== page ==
Cadmium Mixing Behavior in Estuaries: Redox Controls on Removal and Mobilization


This study investigates various hydrological and redox conditions controlling phase transformation, removal and remobilization of Cd in three different estuaries in Taiwan. It was found that Cd mixing patterns in estuarine waters are controlled mainly by redox conditions and salinity. In a highly urbanized estuary segment low oxygen conditions caused sulfide production and the formation of stable Cd sulfide minerals. In oxygen-replete waters [dissolved oxygen (DO) > 200 µM], high concentrations of Mn(II), likely from exchange with bottom sediments were oxidized into Mn oxides, on which Cd is adsorbed. However, in the lower estuary regions elevated chloride concentrations are likely able to compete for Cd, with large proportions of Cd becoming complexed with chloride. The stable Cd sulfide minerals, resistant to oxidation in estuaries having short flushing time, are likely settling out and depositing into bottom sediments. Reversible Cd adsorption onto Mn oxides can enhance Cd mobility in lower estuary and coastal regions where Cd chloro-complexes form, resulting in greater Cd transport fluxes into the ocean.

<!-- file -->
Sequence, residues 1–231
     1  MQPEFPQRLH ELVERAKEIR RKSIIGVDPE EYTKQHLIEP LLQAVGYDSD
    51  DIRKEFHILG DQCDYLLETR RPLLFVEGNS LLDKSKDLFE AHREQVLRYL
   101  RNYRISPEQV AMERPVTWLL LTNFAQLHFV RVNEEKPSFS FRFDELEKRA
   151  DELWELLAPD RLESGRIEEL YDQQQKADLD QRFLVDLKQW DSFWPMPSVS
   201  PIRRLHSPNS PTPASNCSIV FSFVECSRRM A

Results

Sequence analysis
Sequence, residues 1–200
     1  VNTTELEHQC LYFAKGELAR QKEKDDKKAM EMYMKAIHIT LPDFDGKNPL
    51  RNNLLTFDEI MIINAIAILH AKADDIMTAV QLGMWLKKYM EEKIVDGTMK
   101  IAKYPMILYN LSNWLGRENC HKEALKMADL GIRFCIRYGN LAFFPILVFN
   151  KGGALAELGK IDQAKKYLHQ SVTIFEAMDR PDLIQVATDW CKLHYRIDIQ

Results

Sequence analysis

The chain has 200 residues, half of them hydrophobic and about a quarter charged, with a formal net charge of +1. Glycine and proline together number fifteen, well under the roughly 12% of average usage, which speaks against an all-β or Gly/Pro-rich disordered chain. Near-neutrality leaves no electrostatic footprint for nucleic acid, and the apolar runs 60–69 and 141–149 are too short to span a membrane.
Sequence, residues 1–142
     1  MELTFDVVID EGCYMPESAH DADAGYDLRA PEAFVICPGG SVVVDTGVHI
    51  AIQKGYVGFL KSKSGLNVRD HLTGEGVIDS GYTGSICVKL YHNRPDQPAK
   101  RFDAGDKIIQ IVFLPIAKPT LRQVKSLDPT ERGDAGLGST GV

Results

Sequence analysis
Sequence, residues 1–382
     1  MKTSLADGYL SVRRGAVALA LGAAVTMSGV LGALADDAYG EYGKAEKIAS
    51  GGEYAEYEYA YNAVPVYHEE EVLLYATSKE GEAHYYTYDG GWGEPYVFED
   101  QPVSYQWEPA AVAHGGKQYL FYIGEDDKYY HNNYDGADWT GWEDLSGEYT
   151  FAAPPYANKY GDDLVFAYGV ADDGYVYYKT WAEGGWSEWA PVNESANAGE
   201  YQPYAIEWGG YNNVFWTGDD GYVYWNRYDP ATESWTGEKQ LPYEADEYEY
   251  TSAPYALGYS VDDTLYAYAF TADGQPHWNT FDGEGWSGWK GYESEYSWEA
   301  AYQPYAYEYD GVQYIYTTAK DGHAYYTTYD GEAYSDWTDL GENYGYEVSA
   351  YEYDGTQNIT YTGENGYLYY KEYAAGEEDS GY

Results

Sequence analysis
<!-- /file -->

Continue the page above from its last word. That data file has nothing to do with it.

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Published by The Chinese Geoscience Union